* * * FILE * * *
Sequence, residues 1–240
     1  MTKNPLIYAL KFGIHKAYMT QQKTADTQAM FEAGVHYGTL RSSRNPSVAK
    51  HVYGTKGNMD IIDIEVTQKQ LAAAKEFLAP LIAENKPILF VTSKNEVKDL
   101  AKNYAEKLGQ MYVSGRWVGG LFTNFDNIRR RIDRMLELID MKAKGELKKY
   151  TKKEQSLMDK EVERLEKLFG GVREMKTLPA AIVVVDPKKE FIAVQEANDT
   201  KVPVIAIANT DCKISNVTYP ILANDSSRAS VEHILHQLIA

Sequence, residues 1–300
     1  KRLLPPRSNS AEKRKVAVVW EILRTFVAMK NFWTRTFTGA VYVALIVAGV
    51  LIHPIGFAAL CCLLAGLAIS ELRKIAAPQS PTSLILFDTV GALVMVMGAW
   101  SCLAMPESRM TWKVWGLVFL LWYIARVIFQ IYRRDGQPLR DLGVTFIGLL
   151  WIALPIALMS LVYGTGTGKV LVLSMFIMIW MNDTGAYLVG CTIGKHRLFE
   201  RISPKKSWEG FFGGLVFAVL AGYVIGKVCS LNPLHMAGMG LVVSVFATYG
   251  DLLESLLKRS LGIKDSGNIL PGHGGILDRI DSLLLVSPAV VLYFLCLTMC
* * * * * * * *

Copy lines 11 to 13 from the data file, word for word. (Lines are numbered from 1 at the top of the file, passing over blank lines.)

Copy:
   151  WIALPIALMS LVYGTGTGKV LVLSMFIMIW MNDTGAYLVG CTIGKHRLFE
   201  RISPKKSWEG FFGGLVFAVL AGYVIGKVCS LNPLHMAGMG LVVSVFATYG
   251  DLLESLLKRS LGIKDSGNIL PGHGGILDRI DSLLLVSPAV VLYFLCLTMC